The creakiest exercise yet in American Bond fan Benson's postmodern resurrection of Ian Fleming's peerless killer spy, has an embarrassingly witless 007 going rogue to fight a dastardly multinational crime cartel.
Two months after the calamitous conclusion of High Time to Kill (1999), Bond is still depressed over the death of lover Helen Marksbury. He's also on medical leave, under the care of comely Dr. Kimberely Feare, taking pills that are supposed to heal a brain lesion but do little more than leave him paranoid and prone to blackouts. Unknown to Bond, the American white supremacists who call themselves the Union have revamped themselves into a wealthy criminal club that holds meetings in swank, dimly lit underground boardrooms presided over by the mysterious Le Gerant, a blind man who forgoes canes because he can psychically sense his surroundings. Aided by sadomasochistic sexpot Margareta Piel, Le Gerant has found a crazed Bond look-alike willing to undergo plastic surgery, wear Brioni suits, and commit un-Bondly crimes, such as killing Dr. Feare moments after she forsakes medical ethics to succumb to the real Bond's “overwhelming masculinity.” Meanwhile, Spanish powerbroker (and Union member) Domingo Espada, who publicly manages bullfighters and privately kidnaps poor girls and turns them into sex slaves, has set up a meeting with the various heads of state to demand the return of Gibraltar to Spain. At the climax of the meeting, pseudo-Bond will kill the British Prime Minister. Of course, the one true Bond can thwart only so much gratuitous overplotting by himself, so he swipes a handgun from the Q Branch armory (almost no gadgetry in this outing, alas), falls in with voluptuous CIA twins Heidi and Hedy Taunt, and, after a inconvenient blackout, awakens in Espada's bullring, where he must first use his wits against a charging bull and then fight pseudo-Bond to the death.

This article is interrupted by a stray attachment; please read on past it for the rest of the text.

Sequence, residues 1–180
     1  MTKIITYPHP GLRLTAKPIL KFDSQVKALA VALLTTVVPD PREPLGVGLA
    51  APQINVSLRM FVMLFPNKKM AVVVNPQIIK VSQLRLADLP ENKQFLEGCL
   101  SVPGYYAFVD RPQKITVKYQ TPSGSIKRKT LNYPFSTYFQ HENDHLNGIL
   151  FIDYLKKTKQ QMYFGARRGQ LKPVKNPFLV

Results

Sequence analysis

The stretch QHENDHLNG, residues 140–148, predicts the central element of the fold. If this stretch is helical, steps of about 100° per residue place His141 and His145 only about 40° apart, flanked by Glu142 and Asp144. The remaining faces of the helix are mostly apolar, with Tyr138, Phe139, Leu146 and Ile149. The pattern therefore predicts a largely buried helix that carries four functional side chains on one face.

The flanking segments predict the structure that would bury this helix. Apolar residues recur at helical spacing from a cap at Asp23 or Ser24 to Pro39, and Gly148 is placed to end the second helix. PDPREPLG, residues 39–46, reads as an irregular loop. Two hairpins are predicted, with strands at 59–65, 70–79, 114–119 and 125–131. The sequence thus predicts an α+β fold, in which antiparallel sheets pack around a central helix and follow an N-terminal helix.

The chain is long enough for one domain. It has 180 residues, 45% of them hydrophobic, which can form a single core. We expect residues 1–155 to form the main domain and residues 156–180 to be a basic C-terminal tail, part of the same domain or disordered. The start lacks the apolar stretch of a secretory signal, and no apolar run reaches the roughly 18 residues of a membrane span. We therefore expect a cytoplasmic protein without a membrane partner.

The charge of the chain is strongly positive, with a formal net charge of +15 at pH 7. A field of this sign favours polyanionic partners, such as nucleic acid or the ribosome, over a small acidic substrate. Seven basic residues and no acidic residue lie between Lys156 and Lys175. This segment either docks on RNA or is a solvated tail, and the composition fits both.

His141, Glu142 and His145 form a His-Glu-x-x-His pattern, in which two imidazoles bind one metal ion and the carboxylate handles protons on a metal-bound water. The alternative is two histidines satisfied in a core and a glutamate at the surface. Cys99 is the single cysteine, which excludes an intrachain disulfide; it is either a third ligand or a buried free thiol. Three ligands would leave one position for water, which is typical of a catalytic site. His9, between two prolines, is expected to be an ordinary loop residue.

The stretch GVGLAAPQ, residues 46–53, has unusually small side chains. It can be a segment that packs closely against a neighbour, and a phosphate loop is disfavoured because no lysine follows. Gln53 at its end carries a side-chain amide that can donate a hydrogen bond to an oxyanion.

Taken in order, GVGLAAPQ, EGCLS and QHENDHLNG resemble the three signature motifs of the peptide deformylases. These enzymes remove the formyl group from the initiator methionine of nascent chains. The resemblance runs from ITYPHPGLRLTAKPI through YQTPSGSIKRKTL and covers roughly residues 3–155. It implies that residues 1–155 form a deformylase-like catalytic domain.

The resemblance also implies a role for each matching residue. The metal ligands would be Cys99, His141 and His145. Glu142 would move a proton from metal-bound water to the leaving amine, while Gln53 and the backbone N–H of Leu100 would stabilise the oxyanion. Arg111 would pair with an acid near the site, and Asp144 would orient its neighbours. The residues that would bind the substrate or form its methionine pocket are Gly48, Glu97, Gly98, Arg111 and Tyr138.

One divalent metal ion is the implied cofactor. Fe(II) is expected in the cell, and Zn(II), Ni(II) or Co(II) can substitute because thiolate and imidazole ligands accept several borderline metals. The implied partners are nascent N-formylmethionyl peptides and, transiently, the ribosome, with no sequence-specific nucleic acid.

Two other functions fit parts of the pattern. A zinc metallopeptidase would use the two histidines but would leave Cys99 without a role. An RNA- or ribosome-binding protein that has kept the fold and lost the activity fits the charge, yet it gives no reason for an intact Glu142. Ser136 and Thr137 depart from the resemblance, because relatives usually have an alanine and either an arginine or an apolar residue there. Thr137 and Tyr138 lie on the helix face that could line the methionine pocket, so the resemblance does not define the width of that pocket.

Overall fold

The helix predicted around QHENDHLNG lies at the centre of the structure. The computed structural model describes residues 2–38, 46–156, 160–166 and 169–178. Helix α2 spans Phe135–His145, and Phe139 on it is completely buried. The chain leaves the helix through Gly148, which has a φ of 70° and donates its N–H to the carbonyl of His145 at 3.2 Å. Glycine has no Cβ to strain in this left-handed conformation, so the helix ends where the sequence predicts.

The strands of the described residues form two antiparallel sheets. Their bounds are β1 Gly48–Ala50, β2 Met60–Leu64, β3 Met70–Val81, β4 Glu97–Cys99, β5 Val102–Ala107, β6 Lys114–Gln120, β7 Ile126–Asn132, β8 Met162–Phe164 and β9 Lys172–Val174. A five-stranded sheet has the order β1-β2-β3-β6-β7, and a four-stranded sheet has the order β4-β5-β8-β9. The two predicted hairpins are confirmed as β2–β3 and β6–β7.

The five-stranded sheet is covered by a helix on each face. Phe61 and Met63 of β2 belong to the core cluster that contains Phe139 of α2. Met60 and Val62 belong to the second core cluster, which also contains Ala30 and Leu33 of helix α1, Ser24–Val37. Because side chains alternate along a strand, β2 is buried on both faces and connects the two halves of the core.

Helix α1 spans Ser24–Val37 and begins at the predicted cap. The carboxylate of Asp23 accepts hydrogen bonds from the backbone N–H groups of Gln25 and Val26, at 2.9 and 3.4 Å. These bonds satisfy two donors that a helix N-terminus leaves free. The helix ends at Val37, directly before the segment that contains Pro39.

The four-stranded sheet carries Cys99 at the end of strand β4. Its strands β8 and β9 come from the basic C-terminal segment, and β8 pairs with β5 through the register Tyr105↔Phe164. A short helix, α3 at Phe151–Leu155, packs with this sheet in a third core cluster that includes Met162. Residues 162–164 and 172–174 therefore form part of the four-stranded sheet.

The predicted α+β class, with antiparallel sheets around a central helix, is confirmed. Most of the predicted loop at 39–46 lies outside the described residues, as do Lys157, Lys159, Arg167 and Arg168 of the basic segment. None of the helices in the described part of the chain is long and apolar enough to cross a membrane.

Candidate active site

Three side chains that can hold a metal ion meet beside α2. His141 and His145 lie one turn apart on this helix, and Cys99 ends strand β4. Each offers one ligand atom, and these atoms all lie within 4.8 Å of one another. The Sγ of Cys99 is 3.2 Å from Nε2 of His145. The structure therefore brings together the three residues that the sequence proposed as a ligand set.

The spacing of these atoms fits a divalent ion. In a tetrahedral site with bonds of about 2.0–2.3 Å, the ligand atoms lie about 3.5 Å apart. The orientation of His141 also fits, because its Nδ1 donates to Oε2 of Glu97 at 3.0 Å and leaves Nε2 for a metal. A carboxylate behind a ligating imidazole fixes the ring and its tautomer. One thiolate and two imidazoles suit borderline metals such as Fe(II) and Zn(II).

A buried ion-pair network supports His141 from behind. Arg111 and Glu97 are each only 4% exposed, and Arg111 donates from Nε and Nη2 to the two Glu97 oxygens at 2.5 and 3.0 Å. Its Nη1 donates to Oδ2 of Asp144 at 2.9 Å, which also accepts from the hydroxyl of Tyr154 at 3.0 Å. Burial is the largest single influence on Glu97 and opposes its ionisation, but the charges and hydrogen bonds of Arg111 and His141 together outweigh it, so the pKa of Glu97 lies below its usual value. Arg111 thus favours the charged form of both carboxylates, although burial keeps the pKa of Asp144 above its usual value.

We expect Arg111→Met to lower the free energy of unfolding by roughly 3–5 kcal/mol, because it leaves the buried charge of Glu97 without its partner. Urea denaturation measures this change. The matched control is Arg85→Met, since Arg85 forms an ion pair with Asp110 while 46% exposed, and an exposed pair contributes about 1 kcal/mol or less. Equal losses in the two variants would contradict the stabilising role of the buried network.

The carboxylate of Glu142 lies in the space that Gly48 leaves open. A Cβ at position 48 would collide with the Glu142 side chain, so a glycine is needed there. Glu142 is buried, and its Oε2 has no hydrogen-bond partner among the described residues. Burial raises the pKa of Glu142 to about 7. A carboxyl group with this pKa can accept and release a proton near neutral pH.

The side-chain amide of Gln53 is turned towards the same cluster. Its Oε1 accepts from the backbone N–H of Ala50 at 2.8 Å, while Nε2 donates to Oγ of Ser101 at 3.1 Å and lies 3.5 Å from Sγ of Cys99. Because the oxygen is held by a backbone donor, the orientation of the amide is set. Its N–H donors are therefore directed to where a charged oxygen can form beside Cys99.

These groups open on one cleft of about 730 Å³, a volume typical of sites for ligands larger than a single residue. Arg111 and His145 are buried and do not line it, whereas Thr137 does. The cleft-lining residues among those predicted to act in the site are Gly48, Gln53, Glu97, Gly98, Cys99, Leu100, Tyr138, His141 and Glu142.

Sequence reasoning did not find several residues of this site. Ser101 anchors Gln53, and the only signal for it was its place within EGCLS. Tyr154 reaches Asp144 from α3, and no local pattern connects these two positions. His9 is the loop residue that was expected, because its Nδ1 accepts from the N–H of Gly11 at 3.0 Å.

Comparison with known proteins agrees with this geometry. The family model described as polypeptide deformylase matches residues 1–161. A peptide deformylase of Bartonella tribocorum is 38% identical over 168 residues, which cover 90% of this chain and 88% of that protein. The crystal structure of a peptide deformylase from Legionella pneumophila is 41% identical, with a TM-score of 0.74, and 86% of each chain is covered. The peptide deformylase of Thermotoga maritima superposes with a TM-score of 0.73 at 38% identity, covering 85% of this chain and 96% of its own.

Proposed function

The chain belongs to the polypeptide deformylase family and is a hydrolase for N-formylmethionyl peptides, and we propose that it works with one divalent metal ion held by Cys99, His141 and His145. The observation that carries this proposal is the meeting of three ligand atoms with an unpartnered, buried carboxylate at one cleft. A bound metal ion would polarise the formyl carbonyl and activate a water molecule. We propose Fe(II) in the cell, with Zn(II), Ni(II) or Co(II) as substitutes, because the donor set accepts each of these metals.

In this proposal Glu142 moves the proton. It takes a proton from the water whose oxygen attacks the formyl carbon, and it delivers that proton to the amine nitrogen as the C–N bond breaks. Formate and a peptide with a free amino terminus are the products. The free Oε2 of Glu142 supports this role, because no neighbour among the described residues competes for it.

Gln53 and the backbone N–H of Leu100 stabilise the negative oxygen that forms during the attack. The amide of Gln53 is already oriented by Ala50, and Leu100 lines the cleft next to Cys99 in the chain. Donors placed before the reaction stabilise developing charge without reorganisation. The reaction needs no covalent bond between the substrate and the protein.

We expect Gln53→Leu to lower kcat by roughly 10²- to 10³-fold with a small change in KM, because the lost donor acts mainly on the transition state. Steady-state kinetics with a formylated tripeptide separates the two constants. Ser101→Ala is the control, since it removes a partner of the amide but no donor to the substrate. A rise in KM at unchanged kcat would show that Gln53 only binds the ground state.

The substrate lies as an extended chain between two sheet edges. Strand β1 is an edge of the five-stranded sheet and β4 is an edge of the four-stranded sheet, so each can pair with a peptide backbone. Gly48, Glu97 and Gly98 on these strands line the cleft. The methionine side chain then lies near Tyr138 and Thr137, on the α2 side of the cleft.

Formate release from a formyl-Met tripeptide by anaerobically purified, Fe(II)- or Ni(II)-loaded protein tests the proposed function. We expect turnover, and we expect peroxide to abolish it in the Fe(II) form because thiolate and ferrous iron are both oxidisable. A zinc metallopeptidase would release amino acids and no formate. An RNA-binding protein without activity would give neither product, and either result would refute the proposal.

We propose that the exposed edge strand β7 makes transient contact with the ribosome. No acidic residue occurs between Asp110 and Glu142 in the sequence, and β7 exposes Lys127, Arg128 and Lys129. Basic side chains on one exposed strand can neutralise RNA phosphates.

Nifty bullfighting scenes do not redeem an otherwise cliché-cluttered narrative. For die-hard fans only.